|October 11 2021|
Intermountain West to Northern Plains October Winter Storm: (10/11 - 10/13)
By: Kwan-Yin Kong, WPC Meteorologist
This early-season winter weather event brought a swath of moderate to heavy snowfall from across the northern Rockies through the northern High Plains and up into western North Dakota from October 11 to 13, 2021. The deep low pressure system associated with this event was instrumental in bringing a major synoptic pattern change across the U.S. Earlier in the month of October, the ridge of high pressure that brought record heat during the summer of 2021 throughout the western U.S. remained anomalously strong. Meanwhile, a stagnant front along the East Coast was shifting very slowly eastward. About a week prior to the event, a series of upper-level troughs over the northeastern Pacific together with upper vortices coming from the subtropical Pacific worked in concert to gradually erode the persistent ridge across western U.S.
By October 10, a much more potent upper trough, accompanied by much colder air in the wake of a sharp cold front, began to dig south toward the Pacific Northwest. As the upper trough interacted with the sharp front, an elongated low pressure system developed over the Great Basin on October 11 and 12 when the entire system began to track east toward the central Rockies. By early on October 13, the system began to exit the Rockies into the central High Plains where it became more consolidated and deepened more rapidly. Rapid intensification continued into the afternoon hours when the low pressure system reached peak intensity over central South Dakota where an estimated central pressure of 987 hPa was observed. Gradual weakening set in thereafter as the storm continued on a northeasterly track through the northern Plains late on October 13 before moving further into southern Canada on October 14.
This early-season winter storm prompted the issuance of winter weather advisories and winter storm warnings across the northern High Plains. High wind warnings and wind advisories were also issued across the northern Plains and farther south into the central High Plains. Rain was generally reported at the onset of the event but was changed over to wet snow as much colder air arrived right behind the intensifying low pressure system. Highest snowfall amounts of more than 20 inches were observed locally over the mountainous terrain of southwestern Montana as well as near the northern slopes of the Black Hills. 15-20 inches were observed in parts of northeastern Wyoming and in the higher terrain of the Bighorn Mountains. Thundersnow and 2-3 feet snow drifts were also reported north of the Black Hills of South Dakota. The highest reported snowfall amounts included 28 inches near Pony, MT and 27 inches near Deadwood, SD.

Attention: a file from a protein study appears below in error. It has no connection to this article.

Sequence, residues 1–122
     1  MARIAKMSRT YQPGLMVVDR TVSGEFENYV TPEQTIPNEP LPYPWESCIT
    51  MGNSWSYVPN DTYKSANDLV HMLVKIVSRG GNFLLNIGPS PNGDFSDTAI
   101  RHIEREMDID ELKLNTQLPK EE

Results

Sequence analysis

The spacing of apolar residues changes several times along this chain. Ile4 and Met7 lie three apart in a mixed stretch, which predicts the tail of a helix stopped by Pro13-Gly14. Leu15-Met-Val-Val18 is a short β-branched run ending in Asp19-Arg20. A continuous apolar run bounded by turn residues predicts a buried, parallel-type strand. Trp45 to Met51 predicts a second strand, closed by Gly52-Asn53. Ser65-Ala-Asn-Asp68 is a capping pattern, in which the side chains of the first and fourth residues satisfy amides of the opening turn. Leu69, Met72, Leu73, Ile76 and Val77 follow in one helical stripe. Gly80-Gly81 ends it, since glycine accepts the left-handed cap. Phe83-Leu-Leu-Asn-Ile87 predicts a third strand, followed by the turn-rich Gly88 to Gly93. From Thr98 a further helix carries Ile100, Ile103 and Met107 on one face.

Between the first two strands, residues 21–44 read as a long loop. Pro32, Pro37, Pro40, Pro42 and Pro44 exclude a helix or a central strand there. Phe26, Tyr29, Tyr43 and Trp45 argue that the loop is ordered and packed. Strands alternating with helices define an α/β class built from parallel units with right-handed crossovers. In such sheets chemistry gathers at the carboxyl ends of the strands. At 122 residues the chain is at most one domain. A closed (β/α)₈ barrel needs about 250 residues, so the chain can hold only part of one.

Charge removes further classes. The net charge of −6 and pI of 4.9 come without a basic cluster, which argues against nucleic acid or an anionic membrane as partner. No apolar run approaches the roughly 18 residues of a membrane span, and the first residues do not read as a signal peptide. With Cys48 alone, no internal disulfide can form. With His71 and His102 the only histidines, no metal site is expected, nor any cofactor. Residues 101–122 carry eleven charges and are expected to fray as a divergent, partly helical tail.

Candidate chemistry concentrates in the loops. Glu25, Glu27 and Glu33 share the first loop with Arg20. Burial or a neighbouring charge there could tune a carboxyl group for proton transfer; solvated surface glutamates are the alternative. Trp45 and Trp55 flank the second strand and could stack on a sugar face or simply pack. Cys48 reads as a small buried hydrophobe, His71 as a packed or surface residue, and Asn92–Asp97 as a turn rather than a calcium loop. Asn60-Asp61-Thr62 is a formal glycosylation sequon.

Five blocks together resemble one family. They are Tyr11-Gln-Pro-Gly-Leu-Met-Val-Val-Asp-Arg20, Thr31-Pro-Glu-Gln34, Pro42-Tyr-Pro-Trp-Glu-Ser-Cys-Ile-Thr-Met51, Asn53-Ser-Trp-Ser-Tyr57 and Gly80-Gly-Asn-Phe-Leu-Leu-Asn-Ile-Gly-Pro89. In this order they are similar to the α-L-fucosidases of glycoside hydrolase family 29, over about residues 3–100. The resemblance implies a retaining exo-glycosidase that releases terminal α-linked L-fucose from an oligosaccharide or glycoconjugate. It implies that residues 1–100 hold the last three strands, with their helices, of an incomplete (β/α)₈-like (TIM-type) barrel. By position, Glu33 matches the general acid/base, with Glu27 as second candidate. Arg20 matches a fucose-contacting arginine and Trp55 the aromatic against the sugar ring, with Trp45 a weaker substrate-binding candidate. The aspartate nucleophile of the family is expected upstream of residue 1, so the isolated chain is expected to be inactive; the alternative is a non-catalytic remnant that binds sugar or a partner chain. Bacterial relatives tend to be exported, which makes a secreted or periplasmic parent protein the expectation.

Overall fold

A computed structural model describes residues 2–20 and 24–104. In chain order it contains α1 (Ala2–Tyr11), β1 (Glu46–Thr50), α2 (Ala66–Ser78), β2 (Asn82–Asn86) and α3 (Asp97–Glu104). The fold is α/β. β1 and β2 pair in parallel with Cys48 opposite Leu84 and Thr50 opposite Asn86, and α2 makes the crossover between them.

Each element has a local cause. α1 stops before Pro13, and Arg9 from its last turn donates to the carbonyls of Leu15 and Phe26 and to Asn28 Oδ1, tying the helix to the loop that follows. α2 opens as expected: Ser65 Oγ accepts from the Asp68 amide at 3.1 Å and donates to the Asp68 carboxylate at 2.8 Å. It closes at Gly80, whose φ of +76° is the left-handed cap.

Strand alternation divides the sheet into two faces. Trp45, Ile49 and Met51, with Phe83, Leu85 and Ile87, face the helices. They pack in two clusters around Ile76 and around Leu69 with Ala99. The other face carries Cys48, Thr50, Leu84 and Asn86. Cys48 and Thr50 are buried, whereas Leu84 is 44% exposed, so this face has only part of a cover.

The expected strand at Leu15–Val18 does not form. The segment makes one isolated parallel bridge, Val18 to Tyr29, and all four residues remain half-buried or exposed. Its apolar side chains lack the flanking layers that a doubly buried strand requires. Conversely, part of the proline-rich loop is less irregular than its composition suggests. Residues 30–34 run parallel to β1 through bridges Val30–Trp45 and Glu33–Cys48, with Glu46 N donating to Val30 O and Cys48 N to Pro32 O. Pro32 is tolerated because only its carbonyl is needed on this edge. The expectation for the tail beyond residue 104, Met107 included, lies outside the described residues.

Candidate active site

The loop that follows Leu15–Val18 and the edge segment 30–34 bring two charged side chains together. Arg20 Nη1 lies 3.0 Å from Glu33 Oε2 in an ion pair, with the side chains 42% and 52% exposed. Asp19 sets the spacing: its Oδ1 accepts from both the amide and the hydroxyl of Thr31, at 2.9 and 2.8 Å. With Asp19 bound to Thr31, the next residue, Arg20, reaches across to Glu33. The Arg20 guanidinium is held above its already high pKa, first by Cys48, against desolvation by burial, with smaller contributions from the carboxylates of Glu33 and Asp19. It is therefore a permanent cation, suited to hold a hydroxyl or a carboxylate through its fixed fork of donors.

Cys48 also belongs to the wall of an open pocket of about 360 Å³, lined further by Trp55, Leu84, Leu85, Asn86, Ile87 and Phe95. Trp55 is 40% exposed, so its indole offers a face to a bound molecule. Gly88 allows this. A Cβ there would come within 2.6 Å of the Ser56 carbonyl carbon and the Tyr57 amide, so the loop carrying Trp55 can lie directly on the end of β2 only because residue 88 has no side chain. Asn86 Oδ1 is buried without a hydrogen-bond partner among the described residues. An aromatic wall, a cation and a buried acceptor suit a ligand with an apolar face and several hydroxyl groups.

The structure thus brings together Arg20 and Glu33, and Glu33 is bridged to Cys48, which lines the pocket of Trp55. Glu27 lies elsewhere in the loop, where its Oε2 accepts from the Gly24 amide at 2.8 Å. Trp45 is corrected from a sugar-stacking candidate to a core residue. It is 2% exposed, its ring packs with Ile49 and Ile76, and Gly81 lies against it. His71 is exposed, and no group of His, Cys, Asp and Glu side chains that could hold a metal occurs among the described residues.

The snow was also highly dependent on elevations. The most dramatic example occurred near the Black Hills of South Dakota where heavy wet snow fell amidst 3 to almost 5 inches of heavy rain in the lower elevations just to the east (including Rapid City). As the low pressure system intensified, hurricane wind gusts were reported in Texas, Wyoming, and South Dakota during the height of the storm. In addition to the heavy snow and high winds, heavy downpours together with strong to severe thunderstorms occurred on the warm side of the system across the central and southern Plains early on October 13. Strong to severe thunderstorms also occurred in the afternoon on October 13 as far north as the eastern portion of the Dakotas and into western Minnesota just ahead of an occluded front.
The early arrival of wintry conditions in the northern Rockies to the northern Plains was in stark contrast with the record heat and dry conditions that prevailed through the summer across these areas and throughout much of the western U.S. In fact, a heat wave brought high temperatures well up into the 90s only a couple of weeks prior to the snow. Other than the heaviest snow that fell across portions of northern Rockies to the Black Hills of South Dakota, the snowfall footprint of this event extended farther south across the higher elevations of Nevada, Utah, and Colorado, and as far south as the Four-Corners region.